We met bright and early on Saturday morning and were delighted to see that there were in the region of 40 families there, all of whom had at least 1 child with EGID, though we got to know one family where all 4 children were affected to some degree.  This was our first FABED event, but were instantly made to feel welcome and amongst friends.  We recognised some familiar faces from the Allergy Show a couple of weeks ago and both M and G instantly made some new friends.

hotel

Unfortunately M suffered a bad day, but we had the advantage of being able to seek refuge in the suite at the amazing Legoland Hotel.  There was a dedicated medical room to provide privacy for those who needed it for feeding or medical purposes.  The Suite itself had tea and coffee-making facilities for the parents and a play area filled with Lego for the children to enjoy.  We took an hour and a half out of the day to give M some much needed downtime and the children enjoyed attempting to build the biggest tower possible with some of their new friends.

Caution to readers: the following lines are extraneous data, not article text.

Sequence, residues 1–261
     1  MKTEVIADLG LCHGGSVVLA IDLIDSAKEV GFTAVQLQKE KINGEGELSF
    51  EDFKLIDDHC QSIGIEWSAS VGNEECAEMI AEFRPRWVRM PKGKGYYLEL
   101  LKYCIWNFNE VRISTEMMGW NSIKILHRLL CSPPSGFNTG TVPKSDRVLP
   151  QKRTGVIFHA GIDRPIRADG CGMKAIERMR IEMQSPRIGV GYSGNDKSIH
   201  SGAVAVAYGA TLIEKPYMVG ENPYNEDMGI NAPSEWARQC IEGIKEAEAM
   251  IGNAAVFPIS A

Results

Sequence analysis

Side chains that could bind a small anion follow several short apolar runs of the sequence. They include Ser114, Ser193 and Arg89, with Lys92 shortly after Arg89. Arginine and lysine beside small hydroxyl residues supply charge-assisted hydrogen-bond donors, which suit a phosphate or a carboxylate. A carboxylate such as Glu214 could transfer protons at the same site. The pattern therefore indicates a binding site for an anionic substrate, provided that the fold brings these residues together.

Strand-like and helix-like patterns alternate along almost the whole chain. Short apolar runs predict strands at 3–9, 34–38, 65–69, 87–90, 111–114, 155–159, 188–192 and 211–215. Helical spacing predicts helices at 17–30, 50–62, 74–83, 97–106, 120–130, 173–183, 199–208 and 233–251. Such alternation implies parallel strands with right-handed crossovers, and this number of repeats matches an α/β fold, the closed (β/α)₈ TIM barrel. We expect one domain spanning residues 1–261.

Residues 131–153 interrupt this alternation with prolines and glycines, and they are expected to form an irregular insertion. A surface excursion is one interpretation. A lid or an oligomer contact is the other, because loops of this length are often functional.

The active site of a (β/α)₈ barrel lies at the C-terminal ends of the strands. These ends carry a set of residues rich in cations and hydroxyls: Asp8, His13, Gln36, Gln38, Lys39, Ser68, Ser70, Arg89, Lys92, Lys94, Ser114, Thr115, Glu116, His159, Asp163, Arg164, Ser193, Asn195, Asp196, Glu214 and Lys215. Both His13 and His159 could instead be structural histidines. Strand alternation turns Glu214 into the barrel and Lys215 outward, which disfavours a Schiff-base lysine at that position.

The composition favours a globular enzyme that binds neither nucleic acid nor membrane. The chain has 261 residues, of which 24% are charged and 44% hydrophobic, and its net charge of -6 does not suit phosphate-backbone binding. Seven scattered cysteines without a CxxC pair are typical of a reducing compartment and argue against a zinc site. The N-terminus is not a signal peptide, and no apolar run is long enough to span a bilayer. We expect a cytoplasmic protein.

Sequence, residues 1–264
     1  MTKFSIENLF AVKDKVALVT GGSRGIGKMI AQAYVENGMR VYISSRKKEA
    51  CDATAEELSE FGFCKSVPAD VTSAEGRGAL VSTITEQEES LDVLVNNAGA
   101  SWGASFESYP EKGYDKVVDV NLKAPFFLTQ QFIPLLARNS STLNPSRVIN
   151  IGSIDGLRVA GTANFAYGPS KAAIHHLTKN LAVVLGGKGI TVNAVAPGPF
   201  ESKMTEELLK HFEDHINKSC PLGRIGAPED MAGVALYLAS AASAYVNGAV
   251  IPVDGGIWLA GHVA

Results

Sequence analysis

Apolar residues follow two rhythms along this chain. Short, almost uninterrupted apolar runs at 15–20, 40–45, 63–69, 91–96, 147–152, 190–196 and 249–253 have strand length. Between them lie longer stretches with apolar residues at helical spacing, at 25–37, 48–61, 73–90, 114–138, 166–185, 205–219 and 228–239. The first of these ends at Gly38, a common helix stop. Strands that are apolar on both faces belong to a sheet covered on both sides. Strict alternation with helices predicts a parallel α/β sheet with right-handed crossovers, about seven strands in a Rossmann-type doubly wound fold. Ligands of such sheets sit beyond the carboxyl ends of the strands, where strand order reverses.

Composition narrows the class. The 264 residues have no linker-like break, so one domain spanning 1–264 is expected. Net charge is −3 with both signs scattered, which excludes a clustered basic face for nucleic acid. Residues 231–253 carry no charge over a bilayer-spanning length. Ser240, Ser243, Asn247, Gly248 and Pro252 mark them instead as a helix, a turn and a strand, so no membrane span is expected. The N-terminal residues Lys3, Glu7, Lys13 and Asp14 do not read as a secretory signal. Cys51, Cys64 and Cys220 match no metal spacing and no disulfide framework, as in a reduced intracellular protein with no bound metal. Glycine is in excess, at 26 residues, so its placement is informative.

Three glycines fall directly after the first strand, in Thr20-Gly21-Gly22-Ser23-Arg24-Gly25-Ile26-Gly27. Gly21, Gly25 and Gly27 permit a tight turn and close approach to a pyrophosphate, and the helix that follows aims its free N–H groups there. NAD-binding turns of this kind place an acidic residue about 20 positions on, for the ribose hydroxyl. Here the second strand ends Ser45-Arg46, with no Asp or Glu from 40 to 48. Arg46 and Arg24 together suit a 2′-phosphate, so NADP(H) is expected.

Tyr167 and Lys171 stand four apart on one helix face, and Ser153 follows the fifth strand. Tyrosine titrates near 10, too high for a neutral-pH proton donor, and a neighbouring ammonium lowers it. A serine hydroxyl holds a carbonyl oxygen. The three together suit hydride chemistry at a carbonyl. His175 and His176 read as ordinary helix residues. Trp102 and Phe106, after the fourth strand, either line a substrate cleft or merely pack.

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The evening showed just how much hard work and thought had gone into making this an unparalleled get-together.  A buffet dinner was provided for the FABED families, with full details of all ingredients used to prepare the dishes and options available to cater for even the most difficult of diets.  Those children unable to eat were able to spend time in the play area, which was next door but out of sight of the food.  M was delighted to be able to choose from such a wide selection of foods and we were reassured that we knew what each dish contained and what he could and couldn’t eat.